Clause 2(1) - "arrangements for the surrender of fugitive offenders"

21.The Chairman enquired of the effects of deleting the words in brackets "other than the People’s Republic of China or any part thereof." PAS(S) and DPCC replied that the purpose of the Bill was to localize existing arrangements which were UK based and which did not include the People’s Republic of China (PRC). To delete the said wordings would mean that the scope of the Bill would exceed localization and substantial changes had to be made to the Bill, such as in respect of clauses 6 and 25. The matter of surrender of fugitive offenders between Guangdong and Hong Kong was being discussed separately and there would have to be separate legislation to cover the arrangements.

Clause 2(1) - "authorized officer"

22.PAS(S) and DPCC explained that as the Customs Drug Investigation Bureau could be involved in extradition cases, members of the Customs and Excise Service were included as authorized officers to enable them to apply to the magistrate for a warrant of arrest. The Administration would submit draft Committee stage amendment to include members of the Independent Commission Against Corruption. It was not necessary to specify the rank of the officers concerned since these officers were responsible for the execution of warrants of arrest, or search warrants. Adm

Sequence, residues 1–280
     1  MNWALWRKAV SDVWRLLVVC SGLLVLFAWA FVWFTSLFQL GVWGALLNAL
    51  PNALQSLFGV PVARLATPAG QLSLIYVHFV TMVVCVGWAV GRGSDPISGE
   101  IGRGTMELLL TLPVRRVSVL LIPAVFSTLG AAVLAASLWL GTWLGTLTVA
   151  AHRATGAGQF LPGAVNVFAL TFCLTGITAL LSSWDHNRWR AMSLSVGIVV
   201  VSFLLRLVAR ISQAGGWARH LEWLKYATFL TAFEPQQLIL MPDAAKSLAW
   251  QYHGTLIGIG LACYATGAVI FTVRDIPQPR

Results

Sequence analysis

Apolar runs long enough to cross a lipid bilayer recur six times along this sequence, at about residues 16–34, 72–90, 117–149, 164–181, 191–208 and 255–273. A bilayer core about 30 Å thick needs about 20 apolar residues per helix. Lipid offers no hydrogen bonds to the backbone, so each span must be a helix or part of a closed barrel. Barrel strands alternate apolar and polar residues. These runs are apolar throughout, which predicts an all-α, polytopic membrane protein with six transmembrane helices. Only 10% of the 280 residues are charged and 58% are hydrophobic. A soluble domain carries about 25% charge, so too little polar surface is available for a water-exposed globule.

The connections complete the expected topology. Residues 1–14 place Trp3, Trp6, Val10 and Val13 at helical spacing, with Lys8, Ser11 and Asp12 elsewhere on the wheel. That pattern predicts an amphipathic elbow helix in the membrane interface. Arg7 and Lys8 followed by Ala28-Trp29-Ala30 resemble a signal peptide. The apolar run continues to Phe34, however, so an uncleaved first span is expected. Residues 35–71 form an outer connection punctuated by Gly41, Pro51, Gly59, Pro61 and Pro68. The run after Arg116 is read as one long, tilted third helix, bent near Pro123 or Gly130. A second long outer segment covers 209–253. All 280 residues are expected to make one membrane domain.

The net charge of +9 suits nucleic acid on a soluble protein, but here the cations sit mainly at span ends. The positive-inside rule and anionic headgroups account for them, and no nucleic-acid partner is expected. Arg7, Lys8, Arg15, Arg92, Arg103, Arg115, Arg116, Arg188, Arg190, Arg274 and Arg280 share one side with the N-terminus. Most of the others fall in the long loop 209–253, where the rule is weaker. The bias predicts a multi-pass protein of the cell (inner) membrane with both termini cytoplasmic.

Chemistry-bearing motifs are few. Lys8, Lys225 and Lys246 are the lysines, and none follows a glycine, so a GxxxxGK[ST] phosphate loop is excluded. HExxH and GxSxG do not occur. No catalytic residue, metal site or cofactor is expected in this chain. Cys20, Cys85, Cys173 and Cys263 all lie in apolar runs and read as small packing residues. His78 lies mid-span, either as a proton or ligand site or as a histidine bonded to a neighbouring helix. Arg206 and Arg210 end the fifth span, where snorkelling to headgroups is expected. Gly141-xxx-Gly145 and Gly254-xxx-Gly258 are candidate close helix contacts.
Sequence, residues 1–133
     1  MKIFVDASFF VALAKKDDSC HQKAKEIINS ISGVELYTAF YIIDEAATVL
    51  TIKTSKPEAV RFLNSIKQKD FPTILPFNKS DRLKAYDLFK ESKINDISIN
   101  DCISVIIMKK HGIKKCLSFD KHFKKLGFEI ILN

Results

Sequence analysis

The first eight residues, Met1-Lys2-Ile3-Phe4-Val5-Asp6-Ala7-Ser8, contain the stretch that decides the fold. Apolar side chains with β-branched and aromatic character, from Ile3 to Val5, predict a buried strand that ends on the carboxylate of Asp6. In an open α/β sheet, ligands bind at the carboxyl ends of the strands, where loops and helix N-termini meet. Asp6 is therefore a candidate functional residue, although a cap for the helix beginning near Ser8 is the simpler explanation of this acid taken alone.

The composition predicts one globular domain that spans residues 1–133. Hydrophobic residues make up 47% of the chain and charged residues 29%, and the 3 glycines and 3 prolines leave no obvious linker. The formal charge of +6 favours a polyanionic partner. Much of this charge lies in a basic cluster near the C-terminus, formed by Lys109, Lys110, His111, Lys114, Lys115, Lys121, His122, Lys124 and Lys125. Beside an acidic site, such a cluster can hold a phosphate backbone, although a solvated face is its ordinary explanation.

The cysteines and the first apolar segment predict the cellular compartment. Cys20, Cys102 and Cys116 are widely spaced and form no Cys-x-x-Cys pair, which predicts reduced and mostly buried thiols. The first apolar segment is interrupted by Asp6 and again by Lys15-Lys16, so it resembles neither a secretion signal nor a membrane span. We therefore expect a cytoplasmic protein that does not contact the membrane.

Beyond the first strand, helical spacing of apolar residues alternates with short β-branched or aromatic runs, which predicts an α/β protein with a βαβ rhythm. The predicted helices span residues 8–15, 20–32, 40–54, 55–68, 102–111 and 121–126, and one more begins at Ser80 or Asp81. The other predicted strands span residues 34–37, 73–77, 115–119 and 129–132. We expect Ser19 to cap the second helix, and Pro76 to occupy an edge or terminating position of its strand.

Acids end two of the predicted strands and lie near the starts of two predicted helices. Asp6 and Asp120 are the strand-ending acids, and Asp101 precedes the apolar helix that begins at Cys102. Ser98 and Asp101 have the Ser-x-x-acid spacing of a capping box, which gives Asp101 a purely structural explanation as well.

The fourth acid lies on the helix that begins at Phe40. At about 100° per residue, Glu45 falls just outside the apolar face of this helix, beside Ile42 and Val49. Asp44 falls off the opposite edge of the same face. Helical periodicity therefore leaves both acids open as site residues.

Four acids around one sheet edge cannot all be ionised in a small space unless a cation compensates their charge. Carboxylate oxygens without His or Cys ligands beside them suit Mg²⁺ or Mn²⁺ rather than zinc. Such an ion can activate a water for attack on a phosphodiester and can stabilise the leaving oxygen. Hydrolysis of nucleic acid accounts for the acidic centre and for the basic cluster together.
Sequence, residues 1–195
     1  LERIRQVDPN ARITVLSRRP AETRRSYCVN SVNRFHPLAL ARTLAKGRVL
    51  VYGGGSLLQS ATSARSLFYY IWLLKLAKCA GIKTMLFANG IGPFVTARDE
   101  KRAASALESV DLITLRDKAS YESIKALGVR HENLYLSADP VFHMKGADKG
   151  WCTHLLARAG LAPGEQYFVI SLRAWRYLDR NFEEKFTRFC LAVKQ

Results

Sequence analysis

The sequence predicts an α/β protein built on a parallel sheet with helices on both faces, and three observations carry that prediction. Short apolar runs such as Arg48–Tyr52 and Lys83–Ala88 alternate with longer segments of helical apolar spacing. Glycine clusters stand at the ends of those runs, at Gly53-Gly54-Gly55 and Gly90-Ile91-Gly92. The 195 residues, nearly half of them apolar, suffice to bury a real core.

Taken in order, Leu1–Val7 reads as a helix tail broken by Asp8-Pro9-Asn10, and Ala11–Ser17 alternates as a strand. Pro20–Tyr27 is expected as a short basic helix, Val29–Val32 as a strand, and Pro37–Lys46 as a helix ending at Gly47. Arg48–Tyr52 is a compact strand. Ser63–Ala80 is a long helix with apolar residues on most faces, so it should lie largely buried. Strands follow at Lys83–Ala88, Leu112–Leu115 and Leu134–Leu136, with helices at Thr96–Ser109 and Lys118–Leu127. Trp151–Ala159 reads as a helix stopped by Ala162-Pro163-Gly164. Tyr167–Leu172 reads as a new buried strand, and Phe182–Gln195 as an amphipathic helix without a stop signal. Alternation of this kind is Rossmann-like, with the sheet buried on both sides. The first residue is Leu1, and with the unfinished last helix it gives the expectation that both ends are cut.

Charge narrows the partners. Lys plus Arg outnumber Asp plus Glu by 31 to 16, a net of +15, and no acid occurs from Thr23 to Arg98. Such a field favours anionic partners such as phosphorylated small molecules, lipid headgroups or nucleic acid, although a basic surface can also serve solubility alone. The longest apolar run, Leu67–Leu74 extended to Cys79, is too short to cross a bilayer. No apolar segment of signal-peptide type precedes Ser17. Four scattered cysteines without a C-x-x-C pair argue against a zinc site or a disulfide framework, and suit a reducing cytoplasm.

23.In reply to the Chairman’s enquiry, DPCC said that in common law jurisdictions, it was the magistrate who would decide whether a person should stand trial. In committal proceedings, the magistrate would decide whether a fugitive should be surrendered to stand trial in the requesting jurisdiction. But the court’s decision was not related to a judgment as to the fugitive being guilty or otherwise. The magistrate as the court of committal was in line with existing law and the general common law approach.

Clause 2 (1) - "supporting documents"